EDMONTON, Alberta — “Hey, how does this machine work?” Greg Stefan hollered. He was with several teammates inside a subway station Tuesday morning, heading to practice at Northlands Coliseum. Except the ticket box kept spitting back Stefan’s quarters.

“Drop them a little slower,” suggested Mel Bridgman. “Like this. See? Give it a chance to settle, and it works.”

Stefan let the coins drop more slowly. And out came his ticket. He grabbed it, marched ahead to his teammates, and fell into their pace.

Give it a chance to settle, and it works. Fitting words, no? Here was the Red Wings’ No. 1 goalie, a sometimes brilliant player who’d been demoted during the Toronto playoff series, where he was awful, and who’d reacted like an angry child. He refused to dress. He sat up in the organ loft. His replacement, Glen Hanlon, was simply All-World, and largely because of him, the Red Wings won the series. They advanced.

Now, the day of the opening game against Edmonton, the semifinal round, the biggest game of the year in a season where every game is now the biggest game of the year — and Greg Stefan was back. The anger? The resentment? The harsh words? Give him a chance to settle . . .

“You starting tonight?” asked a commuter.

“Yep,” said Stefan.

. . . and he works.

AND HE WORKED. Ooh, how he worked! He gave up but one goal all night, the Red Wings won, 3-1, to take the early lead in this series, and shock everybody in this lonely northern town, where championship expectations are as high as the sun.

It was a brave performance, and the playoffs are the time for that quality. Words and off-ice distractions are for losers. So there was no thought of Stefan’s childish behavior when the heat came down Tuesday night. And it came down often:

Like in the second period, when he stood firm in the net with none other than Wayne Gretzky hovering behind him, puck in possession. This was a goalie’s nightmare — Gretzky? Help me, Lord — and the Great One came spinning around and . . . shot! Save! Rebound shot! Save! . . .

Like later that period, when Mark Messier wound up with a clear shot to the left of the net — Messier? Great. A second nightmare — and the puck came screaming in and Stefan got himself in front of it, somehow, someway, and batted it away. . . .

Like all night long, when the Edmonton players came streaking down the ice at that speed that seems to be a notch above everyone else in hockey, and the crowd rose and you could smell the blood and yet nothing, they came away with nothing, and you can blame their rustiness and you can blame their overconfidence, but the results were the same and the goalie’s name who goes on this game remains.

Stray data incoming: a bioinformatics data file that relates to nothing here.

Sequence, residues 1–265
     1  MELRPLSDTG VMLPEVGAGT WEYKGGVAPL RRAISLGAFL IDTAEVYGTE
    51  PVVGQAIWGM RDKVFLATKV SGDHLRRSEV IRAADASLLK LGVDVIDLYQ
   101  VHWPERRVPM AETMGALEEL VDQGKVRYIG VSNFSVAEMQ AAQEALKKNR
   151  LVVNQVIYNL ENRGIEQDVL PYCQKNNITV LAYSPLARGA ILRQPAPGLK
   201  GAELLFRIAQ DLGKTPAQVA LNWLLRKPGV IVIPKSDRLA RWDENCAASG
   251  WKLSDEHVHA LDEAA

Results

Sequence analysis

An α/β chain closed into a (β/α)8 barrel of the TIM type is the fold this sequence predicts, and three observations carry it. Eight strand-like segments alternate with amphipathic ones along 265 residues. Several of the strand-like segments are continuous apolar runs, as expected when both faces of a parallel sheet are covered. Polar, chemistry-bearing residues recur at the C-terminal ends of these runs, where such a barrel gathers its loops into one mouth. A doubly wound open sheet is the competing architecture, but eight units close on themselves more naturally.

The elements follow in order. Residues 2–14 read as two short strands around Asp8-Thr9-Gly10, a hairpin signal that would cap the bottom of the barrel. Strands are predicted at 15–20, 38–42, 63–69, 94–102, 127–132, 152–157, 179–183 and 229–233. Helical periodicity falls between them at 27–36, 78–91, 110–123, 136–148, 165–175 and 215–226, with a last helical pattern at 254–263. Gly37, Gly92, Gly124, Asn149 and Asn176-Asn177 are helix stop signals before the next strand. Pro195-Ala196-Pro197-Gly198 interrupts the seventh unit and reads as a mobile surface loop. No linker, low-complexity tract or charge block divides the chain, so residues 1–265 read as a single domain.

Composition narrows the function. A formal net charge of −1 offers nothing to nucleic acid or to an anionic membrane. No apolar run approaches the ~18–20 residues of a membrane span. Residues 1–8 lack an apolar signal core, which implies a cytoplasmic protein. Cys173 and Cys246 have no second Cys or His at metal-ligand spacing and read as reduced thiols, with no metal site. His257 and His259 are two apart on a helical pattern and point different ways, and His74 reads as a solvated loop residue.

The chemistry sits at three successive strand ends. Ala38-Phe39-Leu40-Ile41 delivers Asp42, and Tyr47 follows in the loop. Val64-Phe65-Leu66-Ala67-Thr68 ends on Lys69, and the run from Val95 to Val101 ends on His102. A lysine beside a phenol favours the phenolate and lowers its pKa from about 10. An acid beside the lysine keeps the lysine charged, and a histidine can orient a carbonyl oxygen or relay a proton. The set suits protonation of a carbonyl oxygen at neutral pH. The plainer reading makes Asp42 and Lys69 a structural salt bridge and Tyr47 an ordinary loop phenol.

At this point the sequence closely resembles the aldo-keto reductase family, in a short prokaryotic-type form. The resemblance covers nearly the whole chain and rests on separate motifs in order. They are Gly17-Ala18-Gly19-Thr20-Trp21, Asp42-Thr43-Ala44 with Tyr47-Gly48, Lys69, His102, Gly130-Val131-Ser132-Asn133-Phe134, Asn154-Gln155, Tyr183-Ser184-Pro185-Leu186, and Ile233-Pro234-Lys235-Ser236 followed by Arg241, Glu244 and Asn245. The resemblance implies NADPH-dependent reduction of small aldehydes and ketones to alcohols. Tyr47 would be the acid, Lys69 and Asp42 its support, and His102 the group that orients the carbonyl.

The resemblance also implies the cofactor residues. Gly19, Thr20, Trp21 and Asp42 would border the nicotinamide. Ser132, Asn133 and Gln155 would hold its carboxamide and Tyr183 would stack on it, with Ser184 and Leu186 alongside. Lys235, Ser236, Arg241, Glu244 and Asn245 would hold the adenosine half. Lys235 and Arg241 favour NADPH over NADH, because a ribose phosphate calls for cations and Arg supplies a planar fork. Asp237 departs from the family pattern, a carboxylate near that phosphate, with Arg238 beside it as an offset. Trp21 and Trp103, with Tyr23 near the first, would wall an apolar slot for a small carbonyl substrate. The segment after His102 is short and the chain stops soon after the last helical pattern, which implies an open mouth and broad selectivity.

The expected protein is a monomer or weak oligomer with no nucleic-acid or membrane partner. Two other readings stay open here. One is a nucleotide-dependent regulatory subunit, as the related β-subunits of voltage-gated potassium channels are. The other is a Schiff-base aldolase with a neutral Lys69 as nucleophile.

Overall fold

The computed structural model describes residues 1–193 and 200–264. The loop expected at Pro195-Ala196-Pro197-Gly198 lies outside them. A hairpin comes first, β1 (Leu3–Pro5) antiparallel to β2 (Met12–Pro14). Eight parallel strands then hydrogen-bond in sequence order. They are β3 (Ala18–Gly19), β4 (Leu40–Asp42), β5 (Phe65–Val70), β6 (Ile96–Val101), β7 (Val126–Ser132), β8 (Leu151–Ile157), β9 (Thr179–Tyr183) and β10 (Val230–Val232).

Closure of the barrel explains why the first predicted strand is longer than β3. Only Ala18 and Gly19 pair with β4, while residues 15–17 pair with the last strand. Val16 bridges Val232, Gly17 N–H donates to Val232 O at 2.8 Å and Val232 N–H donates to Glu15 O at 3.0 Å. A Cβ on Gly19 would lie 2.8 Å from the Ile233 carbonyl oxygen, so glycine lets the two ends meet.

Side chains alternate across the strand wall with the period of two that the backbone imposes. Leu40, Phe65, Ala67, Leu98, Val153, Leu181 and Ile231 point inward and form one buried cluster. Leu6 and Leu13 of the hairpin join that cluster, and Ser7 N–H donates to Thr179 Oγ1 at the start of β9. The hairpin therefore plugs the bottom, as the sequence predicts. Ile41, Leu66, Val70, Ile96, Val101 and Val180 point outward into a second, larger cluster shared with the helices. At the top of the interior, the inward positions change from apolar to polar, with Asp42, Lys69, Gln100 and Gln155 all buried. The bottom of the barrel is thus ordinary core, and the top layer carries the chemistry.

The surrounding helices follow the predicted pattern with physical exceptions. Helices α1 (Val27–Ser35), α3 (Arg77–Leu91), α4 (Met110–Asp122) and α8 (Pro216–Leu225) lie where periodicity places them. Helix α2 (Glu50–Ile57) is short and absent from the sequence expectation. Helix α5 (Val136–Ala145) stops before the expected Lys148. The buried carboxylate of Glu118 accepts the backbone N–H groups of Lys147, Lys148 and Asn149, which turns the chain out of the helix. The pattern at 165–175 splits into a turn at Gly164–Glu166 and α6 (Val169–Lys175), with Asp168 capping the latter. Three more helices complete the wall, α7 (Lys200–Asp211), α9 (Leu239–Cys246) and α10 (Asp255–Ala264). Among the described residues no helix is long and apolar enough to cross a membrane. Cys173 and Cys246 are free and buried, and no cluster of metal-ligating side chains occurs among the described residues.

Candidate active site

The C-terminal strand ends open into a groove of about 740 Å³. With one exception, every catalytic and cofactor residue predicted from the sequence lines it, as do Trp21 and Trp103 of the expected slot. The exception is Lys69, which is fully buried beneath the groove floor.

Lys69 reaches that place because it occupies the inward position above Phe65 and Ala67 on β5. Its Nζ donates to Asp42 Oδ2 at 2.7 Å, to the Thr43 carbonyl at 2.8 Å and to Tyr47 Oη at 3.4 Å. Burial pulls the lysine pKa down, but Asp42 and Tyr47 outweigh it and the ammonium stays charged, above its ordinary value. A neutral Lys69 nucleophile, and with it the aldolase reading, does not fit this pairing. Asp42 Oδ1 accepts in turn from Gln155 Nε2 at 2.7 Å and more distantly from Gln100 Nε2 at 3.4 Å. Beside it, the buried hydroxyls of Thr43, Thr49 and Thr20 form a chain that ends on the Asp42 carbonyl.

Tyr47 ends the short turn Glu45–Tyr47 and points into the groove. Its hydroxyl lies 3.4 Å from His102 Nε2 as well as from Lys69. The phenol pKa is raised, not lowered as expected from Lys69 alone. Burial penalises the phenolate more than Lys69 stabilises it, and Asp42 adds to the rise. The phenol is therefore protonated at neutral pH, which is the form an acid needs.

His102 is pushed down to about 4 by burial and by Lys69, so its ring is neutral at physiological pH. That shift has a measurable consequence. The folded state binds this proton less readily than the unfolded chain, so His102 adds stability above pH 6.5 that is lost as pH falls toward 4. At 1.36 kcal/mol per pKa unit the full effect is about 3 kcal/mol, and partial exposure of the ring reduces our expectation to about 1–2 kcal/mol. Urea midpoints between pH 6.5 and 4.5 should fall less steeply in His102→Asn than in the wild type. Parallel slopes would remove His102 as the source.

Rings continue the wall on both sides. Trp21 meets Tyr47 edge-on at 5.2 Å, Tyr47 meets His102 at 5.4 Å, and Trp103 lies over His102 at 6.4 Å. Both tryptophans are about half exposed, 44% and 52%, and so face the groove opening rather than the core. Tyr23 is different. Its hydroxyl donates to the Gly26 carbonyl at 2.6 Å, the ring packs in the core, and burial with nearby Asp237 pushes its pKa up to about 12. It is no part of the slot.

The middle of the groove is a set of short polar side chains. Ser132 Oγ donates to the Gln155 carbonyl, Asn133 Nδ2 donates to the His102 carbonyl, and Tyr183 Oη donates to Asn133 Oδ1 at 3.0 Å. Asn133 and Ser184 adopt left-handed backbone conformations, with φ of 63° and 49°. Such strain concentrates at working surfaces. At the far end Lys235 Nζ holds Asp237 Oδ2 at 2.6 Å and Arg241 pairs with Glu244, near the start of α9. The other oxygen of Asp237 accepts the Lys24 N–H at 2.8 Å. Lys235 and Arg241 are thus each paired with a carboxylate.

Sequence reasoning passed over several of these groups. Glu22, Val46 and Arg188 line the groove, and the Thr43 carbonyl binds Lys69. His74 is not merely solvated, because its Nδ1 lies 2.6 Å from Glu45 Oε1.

Give him a chance to settle and he works.

Red Wings lead the series, 1-0.

“What about all that happened in the Toronto series?” Stefan had been asked after that morning practice. “Have you just forgotten all that now?”

“I want to,” he said. “If I could go back and change it I would. I would do things differently. I would have just gone right to Jacques (Demers) and told him how I felt. No newspapers or anything. And I would have dressed.

“I was upset, I was very upset. What can I do? I don’t regret what I was feeling. I regret what happened. But I can’t change that, right? . . . “

Right. But Demers can.

AT LEAST HE tried to Tuesday night. Here was the latest chapter in Men Without Nets. Goalie, goalie, who plays goalie? Why Stefan? Here is one explanation: Hanlon was tired. He’d started five games in nine days. Had he started Tuesday night and gotten racked, the Wings would be down, 1-0, and the “ace” everyone was talking about would be proved mortal.

On the other hand, Demers starts Stefan in Game 1; and if he shines, well, great, now there are two worthy goaltenders. And if he collapses, OK, Demers can start Hanlon next game.

Except he didn’t collapse. He held tough. And the Wings and Demers are now in the enviable if puzzling position: Who starts next?

Who knows? Demers game of herky-jerky with his goalies has been like watching a crap table player on a hot streak; there is fascination and fear at the same time. How long does the magic go on? Who knows? For now, however, he cannot be faulted:

Give it a chance to settle, and it works. Demers knows goalies, like the machines at that subway station, can be your ticket in the playoffs. All it takes is the right touch. Red Wings lead, 1-0.

You gonna argue?

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